Combine all the ingredients in a blender. Start your blender on the lowest setting and slowly crank it up as the smoothie starts to puree. If you start with your blender at high, you’ll end up with smoothie splattered all over the top of your blender and probably will have to stop your blender several times to get the smoothie ingredients to rest back on the blades. Once you’re up to optimal speed, blend for about 2 minutes to get everything smooth.
Per smoothie or 1 1/2 cup serving:
190 calories, 2 g protein, 46 g carbohydrate, 35 g sugar, 2 g total fat, 9% calories from fat, 5 g fiber, 79 mg sodium
Recipe by Jason Wyrick; Power Foods for the Brain by Neal Barnard, M.D.
Jay Z's pledge to adopt a vegan diet is trending worldwide. And if it seems like everyone is adopting a vegan diet, it’s because they are. More people are finding it surprisingly easy to follow a plant-based diet. Former president Bill Clinton, former vice president Al Gore, and actress Michelle Pfeiffer continue to ditch meat in favor of nutrient-packed, plant-based foods. Hollywood’s A-list, including actresses Anne Hathaway and Natalie Portman, country singer Carrie Underwood, and tennis champ Serena Williams all tout the health benefits of a vegan diet.
The science is simple: The more plant-based meals we eat, the healthier we’ll be in the long run. The American Academy of Nutrition and Dietetics finds people who follow vegetarian diets have a lower body mass index, lower risk of heart disease, lower cholesterol levels, lower blood pressure, and lower rates of overall cancer. From a nutritional standpoint, plant-based meals outweigh their meat-heavy counterparts. A black bean burger has similar protein as a hamburger, but the black bean burger has half the fat and calories, contains zero cholesterol, and packs four times as much fiber.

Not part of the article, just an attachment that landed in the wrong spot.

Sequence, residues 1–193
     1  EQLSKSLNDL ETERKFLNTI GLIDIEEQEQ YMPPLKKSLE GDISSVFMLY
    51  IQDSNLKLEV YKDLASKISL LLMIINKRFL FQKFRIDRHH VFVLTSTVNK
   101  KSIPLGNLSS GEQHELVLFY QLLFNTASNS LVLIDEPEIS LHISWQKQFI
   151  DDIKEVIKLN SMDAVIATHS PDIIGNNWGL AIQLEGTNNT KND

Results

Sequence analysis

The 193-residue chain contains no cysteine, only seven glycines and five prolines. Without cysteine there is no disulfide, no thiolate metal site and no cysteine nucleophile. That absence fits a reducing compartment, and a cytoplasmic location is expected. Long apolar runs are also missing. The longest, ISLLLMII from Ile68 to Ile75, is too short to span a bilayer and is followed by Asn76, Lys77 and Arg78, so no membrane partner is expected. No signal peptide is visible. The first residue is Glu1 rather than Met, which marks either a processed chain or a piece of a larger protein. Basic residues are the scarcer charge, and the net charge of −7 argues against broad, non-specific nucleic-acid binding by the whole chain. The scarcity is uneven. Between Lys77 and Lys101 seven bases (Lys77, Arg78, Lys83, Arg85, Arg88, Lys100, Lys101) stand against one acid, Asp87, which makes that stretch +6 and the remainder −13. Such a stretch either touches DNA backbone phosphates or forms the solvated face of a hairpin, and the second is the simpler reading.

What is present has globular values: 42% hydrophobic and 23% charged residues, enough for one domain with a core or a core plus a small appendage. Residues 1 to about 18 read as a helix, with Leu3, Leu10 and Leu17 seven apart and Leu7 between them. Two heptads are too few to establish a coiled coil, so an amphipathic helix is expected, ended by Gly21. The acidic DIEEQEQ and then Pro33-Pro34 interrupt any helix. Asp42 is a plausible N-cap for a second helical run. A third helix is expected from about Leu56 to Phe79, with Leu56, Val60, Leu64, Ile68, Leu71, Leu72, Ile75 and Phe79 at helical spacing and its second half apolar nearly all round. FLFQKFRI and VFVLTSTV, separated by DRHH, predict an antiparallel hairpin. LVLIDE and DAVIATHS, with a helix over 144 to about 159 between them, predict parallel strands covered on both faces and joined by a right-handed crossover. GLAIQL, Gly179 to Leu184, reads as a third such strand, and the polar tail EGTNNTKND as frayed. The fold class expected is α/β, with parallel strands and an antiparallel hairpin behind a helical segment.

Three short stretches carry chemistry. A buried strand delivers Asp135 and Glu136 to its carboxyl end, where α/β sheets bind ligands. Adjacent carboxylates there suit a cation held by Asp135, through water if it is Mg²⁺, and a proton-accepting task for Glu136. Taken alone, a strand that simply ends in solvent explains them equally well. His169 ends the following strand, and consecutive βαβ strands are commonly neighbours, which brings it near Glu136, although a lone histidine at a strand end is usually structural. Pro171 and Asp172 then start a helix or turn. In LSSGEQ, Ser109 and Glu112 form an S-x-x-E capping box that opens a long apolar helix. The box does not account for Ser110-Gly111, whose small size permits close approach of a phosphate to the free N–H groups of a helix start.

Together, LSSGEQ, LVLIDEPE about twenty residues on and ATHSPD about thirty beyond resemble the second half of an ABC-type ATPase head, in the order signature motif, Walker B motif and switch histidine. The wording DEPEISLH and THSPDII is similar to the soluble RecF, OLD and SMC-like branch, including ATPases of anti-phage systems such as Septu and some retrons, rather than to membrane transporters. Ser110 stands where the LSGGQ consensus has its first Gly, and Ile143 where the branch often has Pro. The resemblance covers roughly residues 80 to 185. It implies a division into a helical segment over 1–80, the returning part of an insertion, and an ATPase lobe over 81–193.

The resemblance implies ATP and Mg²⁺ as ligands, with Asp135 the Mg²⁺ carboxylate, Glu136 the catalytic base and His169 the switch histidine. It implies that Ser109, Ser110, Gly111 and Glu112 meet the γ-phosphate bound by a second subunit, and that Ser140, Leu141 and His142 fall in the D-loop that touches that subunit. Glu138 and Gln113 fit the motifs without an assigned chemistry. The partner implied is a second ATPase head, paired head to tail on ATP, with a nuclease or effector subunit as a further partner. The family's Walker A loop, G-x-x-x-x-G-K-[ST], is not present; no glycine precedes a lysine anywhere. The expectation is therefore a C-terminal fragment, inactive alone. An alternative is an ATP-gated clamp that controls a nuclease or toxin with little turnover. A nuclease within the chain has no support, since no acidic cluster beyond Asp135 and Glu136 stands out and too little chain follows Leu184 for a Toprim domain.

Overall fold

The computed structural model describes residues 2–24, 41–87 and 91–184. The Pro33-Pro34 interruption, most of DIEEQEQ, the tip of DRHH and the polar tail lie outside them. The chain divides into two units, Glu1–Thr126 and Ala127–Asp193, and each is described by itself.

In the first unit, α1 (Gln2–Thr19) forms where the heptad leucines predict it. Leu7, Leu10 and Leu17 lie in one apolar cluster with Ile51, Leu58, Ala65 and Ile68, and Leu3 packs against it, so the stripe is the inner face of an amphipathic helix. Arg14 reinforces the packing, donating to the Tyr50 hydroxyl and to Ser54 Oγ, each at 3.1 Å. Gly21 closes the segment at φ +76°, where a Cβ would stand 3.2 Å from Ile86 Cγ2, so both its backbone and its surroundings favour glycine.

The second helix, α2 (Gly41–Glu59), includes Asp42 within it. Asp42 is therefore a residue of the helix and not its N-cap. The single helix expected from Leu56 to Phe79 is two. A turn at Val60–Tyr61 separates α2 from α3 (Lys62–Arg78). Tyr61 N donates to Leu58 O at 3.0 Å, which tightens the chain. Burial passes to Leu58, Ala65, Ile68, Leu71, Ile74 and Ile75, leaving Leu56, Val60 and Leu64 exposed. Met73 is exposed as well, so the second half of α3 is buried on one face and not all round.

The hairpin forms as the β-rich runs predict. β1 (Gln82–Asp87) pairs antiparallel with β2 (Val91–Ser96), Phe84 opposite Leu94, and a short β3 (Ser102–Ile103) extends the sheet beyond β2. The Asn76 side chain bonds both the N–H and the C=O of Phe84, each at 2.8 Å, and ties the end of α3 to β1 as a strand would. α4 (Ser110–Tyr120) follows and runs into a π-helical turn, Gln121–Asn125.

As plant-based diets continue to surge in popularity, it won’t be long before we see a decline in obesity, diabetes, and heart disease – and that is something Hollywood, scientists, politicians, and hip-hop stars can all advocate for.
With meat consumption falling by about 10 percent in the past eight years, it’s more popular than ever to plan a healthful plant-based Thanksgiving. Celebrities like Mayim Bialik and Ellen DeGeneres are sharing their plans for a vegan meal. Last year, Turtle Island Foods celebrated the sale of their 3 millionth Tofurky. With skyrocketing diabetes and obesity rates, everyone knows it’s time for a change. So the surge in plant-based popularity isn’t a surprise. And more people are realizing that turkey is not a healthful food. Among other concerns, a single serving of turkey can have up to 80 mg of cholesterol, whereas a vegan diet is naturally cholesterol-free. Plant-based cookbooks like Forks Over Knives and Isa Does It are topping the Amazon Best Seller lists. The Physicians Committee has also prepared several Thanksgiving, Holiday, and Hanukkah menu plans. Even the New York Times is encouraging readers to have a heart-healthy holiday by highlighting over 600 vegetarian and vegan dishes in the 2013 Thanksgiving recipe database. Good health is definitely something to be thankful for, and a delicious plant-based Thanksgiving is the best early holiday gift you can give your loved ones this year.